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| | |-+  Dubbing Good & Bad is it "Something to do with Deafness"?
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Author Topic: Dubbing Good & Bad is it "Something to do with Deafness"?  (Read 13639 times)
Lac qui Parle
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« Reply #15 on: May 23, 2008, 07:17:28 AM »

Auditory? Who knows. I actually donít know a thing about the human psyche.  Cheesy  I do get smacks for a pretty creative answer though. Maybe someone else can take the helm.

I do like your topics. They read like a newspaper column. Makes me wish I had a coffee and a jelly donut.

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« Reply #16 on: May 26, 2008, 06:14:42 AM »

This is a VERY reasonable criticism. One doesn't need lip-reading skills in order to tell that someone speaking in Italian isn't actually speaking rather stilted English. In FOD and FAFDM the dubbing is atrocious. From GBU on it gets significantly better.

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Lac qui Parle
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« Reply #17 on: May 26, 2008, 09:18:58 AM »

True. And eloquence among scoundrels, at that. I suppose it doesn't do much for the suspension of disbelief.

I never notice dubbed voices. I only notice when things are too loud or too quiet, when distances don't match up sound-to-sight. Who's watching mouths anyway?

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cigar joe
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« Reply #18 on: May 26, 2008, 03:16:50 PM »

I'm with Lac, I don't notice it either unless its very obvious.

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« Reply #19 on: May 26, 2008, 04:21:49 PM »

I'm with Lac, I don't notice it either unless its very obvious.

Well, I don't pay attention to mouths, I pay attention to the face. And the mouth is part of the face. And yes, it is very obvious in these movies.

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cigar joe
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« Reply #20 on: May 26, 2008, 07:06:45 PM »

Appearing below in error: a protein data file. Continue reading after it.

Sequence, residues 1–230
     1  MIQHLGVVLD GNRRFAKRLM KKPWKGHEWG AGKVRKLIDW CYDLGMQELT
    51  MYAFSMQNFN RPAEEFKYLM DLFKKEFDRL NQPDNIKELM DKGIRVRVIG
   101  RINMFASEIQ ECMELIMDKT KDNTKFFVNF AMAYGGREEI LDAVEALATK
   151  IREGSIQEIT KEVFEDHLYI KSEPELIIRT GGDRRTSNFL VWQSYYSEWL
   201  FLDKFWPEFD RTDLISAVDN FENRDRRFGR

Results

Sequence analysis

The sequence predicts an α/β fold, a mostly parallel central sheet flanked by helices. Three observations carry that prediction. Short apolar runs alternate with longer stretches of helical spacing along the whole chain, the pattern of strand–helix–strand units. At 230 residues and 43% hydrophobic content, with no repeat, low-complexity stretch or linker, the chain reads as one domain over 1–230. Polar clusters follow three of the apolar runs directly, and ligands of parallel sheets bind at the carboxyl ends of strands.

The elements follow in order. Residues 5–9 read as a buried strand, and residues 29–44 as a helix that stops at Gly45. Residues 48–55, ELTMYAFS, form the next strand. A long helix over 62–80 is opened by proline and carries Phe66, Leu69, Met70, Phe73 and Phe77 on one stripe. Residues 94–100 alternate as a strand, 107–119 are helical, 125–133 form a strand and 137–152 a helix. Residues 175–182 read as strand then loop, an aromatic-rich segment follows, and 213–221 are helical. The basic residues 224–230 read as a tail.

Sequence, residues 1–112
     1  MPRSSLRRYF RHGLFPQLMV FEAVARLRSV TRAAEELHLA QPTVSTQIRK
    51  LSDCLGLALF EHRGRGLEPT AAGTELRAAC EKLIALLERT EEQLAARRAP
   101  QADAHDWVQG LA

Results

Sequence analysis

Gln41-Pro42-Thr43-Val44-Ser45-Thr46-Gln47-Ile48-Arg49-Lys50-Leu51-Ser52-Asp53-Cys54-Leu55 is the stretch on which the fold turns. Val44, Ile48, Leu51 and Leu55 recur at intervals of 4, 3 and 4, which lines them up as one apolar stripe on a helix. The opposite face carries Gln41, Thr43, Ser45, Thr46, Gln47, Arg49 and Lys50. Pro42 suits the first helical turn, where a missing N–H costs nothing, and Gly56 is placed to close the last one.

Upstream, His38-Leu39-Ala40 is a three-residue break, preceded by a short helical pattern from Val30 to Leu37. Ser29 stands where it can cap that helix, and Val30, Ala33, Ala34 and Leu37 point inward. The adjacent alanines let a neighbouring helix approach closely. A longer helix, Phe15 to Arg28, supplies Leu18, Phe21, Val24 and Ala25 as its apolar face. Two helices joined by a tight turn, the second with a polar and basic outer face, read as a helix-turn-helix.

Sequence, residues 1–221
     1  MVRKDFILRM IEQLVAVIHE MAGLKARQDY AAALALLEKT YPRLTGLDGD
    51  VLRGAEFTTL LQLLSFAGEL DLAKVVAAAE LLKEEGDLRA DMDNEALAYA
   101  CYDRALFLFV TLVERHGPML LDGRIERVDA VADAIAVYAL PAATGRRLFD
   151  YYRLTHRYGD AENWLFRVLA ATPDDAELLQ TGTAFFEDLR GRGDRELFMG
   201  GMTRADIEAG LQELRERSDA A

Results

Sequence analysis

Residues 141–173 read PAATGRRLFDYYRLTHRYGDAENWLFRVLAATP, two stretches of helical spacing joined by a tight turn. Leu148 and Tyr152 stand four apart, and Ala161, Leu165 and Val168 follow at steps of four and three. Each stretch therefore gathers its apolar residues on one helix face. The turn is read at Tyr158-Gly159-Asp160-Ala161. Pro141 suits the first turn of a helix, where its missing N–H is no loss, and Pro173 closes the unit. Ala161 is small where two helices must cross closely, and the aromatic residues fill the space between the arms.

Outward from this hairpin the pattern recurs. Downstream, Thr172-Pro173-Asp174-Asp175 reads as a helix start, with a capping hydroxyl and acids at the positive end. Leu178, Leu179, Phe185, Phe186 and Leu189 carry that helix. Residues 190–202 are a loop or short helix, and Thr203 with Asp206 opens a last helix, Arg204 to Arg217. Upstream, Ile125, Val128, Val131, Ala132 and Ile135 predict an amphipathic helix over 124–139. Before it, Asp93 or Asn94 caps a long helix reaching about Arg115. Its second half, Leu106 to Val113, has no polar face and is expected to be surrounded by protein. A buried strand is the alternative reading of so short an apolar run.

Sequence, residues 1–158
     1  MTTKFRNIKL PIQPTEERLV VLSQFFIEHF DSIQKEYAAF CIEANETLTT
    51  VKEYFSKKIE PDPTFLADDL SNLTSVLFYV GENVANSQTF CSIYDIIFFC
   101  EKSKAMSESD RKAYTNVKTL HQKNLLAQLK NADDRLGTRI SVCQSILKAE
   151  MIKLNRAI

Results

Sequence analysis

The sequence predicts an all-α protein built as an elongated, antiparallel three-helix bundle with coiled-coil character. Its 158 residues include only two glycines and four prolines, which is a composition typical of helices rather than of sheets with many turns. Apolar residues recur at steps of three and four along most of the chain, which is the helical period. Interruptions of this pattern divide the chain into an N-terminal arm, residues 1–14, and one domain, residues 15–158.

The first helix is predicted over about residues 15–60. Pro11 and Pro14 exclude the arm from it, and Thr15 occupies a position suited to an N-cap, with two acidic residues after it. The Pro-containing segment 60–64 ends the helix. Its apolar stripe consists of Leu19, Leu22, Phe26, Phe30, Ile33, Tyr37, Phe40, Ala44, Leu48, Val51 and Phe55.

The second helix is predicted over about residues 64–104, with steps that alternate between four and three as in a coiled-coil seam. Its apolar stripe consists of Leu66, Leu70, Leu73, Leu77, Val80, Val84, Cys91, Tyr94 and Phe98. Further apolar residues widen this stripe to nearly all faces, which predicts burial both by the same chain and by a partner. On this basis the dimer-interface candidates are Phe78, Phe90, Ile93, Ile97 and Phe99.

You are one of them that this topic is about then, obviously.  Afro

I don't notice it, tell us, when you watch cartoons can you tell if they are dubbed too?

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« Reply #21 on: May 26, 2008, 08:35:28 PM »

Cartoons are different, Joe, because they do not attempt to display the hundreds of facial movements that occur when characters talk. Mouth movement is therefore simplified to such a degree that there is really no correspondence between sound and image; we are used to this, from seeing it so often, that it becomes a convention of the form and therefore invisible. And there is no difference when dubbing cartoons into different languages: they all work equally well.

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cigar joe
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« Reply #22 on: May 26, 2008, 10:17:16 PM »

Quote
Cartoons are different, Joe, because they do not attempt to display the hundreds of facial movements that occur when characters talk. Mouth movement is therefore simplified to such a degree that there is really no correspondence between sound and image; we are used to this, from seeing it so often, that it becomes a convention of the form and therefore invisible. And there is no difference when dubbing cartoons into different languages: they all work equally well.

No shit

I was being facetious  Cool

Quote